Virginia Institute of Marine Science
Networks of no-take fishery reserves have emerged as a tool for managing deepwater fish species. In Hawaii and elsewhere, such areas are used to manage deepwater snapper species. However, little is known regarding the movements of these species relative to protected areas. We used passive acoustic telemetry to track crimson jobfish (Pristipomoides filamentosus), also known as opakapaka, in one of Hawaii’s bottomfish restricted fishing areas to understand the size required for a reserve to protect this species. From January 2017 through January 2018, 179 fish were tagged. Only 10 fish were classified as alive on the basis of movements indicated by detections in tracking data (tracks). For these fish, the median time between the first and last detection of an individual on an acoustic receiver array was 414.5 d with a mean number of detections per individual of 28,321. Linear estimates of home range averaged 3.7 and 6.0 km in conservative and optimistic scenarios, smaller than the median linear habitat dimension of Hawaii’s reserves. Fish were detected within the reserve on 97% or more of the days they were tracked. These results indicate that current reserves in Hawaii are likely sufficient in scale to confer positive biological benefits to opakapaka that reside within their borders.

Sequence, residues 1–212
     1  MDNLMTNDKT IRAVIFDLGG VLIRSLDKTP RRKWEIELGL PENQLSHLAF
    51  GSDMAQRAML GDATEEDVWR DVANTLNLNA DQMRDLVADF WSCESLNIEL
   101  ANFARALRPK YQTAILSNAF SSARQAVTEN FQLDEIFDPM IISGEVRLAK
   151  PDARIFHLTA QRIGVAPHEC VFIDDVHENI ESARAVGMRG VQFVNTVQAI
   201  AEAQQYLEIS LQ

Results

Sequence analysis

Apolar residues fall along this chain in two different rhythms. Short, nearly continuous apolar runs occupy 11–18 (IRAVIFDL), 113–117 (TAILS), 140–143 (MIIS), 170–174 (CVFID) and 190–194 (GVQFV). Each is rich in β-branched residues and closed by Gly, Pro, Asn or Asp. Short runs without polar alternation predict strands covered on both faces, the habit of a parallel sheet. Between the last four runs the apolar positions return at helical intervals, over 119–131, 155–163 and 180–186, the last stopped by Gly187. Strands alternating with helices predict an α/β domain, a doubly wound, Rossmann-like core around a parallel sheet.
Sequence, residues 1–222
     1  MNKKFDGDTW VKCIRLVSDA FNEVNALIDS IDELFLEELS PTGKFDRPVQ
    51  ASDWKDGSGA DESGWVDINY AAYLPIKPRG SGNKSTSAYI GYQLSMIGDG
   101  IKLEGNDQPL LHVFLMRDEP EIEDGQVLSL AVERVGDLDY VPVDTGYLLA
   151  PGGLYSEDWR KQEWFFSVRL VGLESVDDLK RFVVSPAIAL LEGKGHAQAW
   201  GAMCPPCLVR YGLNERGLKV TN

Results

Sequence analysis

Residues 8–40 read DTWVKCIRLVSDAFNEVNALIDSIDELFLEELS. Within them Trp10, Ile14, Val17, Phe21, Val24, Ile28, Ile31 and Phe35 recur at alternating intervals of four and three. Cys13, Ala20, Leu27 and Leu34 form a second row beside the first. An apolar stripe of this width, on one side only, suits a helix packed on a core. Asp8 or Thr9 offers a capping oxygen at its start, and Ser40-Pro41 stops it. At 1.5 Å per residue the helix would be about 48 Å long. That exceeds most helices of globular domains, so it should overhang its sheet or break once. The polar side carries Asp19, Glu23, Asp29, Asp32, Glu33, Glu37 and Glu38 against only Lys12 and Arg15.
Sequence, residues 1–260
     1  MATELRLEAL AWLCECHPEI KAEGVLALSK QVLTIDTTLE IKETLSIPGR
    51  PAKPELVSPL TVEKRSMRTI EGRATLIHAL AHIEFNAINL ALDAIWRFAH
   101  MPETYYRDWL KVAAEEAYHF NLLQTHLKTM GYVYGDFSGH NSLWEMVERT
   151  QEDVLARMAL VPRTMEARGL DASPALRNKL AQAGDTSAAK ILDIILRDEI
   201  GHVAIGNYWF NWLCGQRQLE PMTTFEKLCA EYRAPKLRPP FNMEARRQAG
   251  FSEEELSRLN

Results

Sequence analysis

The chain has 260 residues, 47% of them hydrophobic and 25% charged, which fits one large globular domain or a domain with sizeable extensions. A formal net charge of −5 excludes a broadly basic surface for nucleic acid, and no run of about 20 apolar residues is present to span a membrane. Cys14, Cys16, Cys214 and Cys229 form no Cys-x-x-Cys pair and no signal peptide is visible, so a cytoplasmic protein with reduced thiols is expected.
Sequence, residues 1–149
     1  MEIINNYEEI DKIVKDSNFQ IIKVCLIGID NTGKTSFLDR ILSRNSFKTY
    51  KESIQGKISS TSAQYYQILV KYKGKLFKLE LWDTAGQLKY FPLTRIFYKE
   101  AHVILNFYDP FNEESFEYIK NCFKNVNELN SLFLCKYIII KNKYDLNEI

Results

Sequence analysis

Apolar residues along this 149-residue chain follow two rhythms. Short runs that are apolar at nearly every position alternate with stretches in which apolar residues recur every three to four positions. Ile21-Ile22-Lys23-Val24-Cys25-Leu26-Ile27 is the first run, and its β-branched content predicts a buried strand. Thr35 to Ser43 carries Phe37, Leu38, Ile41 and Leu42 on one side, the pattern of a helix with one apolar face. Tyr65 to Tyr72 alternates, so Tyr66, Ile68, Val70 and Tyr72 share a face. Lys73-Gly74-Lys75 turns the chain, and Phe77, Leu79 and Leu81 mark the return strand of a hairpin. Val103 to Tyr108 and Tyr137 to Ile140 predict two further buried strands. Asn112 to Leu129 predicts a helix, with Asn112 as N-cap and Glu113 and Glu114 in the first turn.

Scherrer, Stephen R. and Weng, Kevin C., Evaluating movements of opakapaka (Pristipomoides filamentosus) relative to a restricted fishing area by using acoustic telemetry and a depth-constrained estimator of linear home ranges (2020). Fishery Bulletin, 118(3), 209-224.